Coming together and taking shape
in Instead of modernity
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In the first of the moods, we imagine the possibility of an intimate encounter, a coming together beyond absence and ironisation. We explore that possibility by bringing together apparently diverse aspects of mid-nineteenth-century culture. In the first section of the chapter – Coming together parts 1 and 2, with interlude – we imagine a kind of triptych with a slim middle panel, exploring intimacy across the depths of time and the stretches of place, and between sign and referent. We move from two gauchos outside Buenos Aires recounting the story of Gounod’s opera Faust, to a visual fantasia on the same opera by the painter Fortuny in Spain, through to Nietzsche’s Birth of Tragedy and its consideration of Greek gods and the arts. The chapter evokes the possibility of what it calls an intimate culture, and considers what this might involve for good or ill. In the second section – Taking shape – we explore how the adoption of forms can enable intimate communication across place and time. Here we bring together nineteenth-century performance, the role of the occult and hypnotism, the pervasive concern with descriptive geometry, the relatively new art of photography, and the supposed uncanny, passing through images of intensifying infrastructure, actors and historical figures, and culminating in a consideration of a version of Poe’s Valdemar and of the photographic representation of Velázquez’s Las Meninas.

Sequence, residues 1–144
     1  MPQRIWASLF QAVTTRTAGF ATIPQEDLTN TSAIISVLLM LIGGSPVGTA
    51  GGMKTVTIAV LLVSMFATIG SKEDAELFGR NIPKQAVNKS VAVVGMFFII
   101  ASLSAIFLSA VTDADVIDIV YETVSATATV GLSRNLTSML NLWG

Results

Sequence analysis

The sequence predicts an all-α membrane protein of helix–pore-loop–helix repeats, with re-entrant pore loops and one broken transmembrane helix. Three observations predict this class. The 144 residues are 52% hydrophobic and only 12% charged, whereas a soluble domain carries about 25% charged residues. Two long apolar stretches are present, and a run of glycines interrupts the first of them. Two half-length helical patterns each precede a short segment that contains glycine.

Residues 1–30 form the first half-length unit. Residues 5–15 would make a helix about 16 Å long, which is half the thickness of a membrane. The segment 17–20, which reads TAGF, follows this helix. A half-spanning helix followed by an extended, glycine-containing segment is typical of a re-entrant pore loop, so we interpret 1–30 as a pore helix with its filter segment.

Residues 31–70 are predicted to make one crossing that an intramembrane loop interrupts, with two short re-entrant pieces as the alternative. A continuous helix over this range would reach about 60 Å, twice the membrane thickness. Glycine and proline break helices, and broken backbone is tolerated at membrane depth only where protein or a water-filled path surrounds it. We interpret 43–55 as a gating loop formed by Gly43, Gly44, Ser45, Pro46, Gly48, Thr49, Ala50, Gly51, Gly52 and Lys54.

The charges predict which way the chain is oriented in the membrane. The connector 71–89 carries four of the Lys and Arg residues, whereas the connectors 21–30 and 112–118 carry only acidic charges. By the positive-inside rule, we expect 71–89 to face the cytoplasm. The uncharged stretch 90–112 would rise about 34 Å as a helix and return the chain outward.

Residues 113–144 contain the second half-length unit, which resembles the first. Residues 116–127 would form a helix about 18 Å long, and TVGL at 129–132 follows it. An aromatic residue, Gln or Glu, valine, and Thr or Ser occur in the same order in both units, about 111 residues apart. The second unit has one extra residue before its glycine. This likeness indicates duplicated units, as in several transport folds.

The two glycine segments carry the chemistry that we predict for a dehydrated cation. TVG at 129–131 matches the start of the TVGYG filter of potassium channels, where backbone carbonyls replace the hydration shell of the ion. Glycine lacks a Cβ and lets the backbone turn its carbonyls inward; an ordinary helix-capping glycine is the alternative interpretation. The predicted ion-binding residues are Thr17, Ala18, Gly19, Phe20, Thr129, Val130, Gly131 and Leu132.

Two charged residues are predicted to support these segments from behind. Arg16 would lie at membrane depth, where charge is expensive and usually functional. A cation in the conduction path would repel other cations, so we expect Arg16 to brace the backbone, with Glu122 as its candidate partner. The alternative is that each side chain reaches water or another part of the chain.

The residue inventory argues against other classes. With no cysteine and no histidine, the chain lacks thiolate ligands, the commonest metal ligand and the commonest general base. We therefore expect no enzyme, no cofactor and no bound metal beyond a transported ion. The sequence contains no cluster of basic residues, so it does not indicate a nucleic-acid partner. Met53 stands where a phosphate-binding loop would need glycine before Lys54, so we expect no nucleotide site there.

Instead of modernity

The Western canon and the incorporation of the Hispanic (c. 1850–75)


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